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How “Almost, Maine” became one of the most produced plays in the world

Its author has no idea why it took off. “I’m just glad they enjoy it.”

PORTLAND, Maine — Update: Tony-nominated playwright and actor John Cariani, who is a Maine native, will take part in a live reading of his play Almost Maine.  The reading is taking place virtually this Saturday, November 21st.  You can register to attend by clicking here.

The first time we did a story on John Cariani for 207 was in 2005 when he was playing the role of Motel the tailor in “Fiddler on the Roof” on Broadway. During a backstage tour of the Minskoff Theatre in Times Square we met some of his castmates, among them an actor named Robert Petkoff.

“What’s it like working with John?” I asked.

“You know, it’s tough,” Petkoff sighed. “You gotta carry him a lot. He’s lazy. And pretty much I’ve come up with all the things you see on stage for Motel the tailor.”

Petkoff is not a household name as an actor. But let the record show that he is a master, an absolute master of deadpan humor. And he was not finished telling me about what he’d done for Cariani. “When we started this show, he was sort of just still and really wasn’t doing anything with the character. I said, ‘John, maybe you want to turn your head a little bit, make a quick gesture here and there.’ ” A pause. “And he gets the Tony nomination.”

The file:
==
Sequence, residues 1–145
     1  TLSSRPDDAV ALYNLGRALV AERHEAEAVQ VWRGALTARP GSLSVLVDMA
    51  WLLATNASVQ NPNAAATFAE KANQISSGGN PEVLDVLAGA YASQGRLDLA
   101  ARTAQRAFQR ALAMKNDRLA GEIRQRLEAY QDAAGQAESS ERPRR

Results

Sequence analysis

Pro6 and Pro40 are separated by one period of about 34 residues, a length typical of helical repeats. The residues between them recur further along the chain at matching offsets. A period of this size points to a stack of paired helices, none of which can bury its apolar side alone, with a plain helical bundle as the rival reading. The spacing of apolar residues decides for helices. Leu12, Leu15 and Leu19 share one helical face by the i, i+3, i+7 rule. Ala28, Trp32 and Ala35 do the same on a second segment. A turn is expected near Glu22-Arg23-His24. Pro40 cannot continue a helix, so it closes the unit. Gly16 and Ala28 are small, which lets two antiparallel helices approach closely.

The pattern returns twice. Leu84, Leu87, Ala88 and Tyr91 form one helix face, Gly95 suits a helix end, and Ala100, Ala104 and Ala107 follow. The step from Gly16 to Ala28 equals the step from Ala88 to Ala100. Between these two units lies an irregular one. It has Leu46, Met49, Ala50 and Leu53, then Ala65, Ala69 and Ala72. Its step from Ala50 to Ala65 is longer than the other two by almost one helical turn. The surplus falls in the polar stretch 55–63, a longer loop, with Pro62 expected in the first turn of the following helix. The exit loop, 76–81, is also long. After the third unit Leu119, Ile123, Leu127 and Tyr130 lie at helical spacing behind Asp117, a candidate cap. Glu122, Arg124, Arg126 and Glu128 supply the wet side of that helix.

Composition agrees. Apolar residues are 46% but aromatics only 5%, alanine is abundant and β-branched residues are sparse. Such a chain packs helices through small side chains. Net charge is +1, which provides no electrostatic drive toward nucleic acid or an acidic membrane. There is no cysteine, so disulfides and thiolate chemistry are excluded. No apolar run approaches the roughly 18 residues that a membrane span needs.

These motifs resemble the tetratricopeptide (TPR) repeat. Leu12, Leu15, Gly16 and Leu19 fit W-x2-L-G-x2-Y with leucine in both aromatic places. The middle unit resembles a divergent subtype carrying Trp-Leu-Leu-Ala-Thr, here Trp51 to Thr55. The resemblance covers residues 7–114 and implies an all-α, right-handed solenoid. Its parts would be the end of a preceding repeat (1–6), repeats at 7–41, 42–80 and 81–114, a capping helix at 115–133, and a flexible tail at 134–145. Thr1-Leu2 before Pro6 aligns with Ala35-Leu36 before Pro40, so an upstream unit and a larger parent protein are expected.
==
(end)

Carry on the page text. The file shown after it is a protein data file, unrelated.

In January Cariani returned to Maine—he grew up in Presque Isle—to act in Portland Stage Company’s production of “Almost, Maine,” the romantic comedy he wrote about everyday people in Aroostook County dealing with joys and sorrows, love and loss. The play, which premiered at Portland Stage in 2004, has turned into a theatrical phenomenon, now approaching five thousand productions around the world.

Success on that scale is almost unimaginable for a straightforward play with no big stars that ran for just two months when it debuted Off-Broadway. Not only is it now the most frequently produced play in U.S. high schools, it’s also especially popular in places as different as Scandinavia and South America. Cariani, probably wisely, doesn’t really try to analyze the appeal. “I have no idea,” he says. “I can’t speak for those people. I’m just glad they enjoy it.”

Now Cariani has adapted the play into a book, a series of fictional tales aimed at young adults, and he’ll be talking about it Wednesday, May 6, in an online interview presented by Print: A Bookstore in Portland. (More details in the link above.) First, watch our interview about the play that became a global success, and see why no one was more surprised by its popularity than the man who wrote it.

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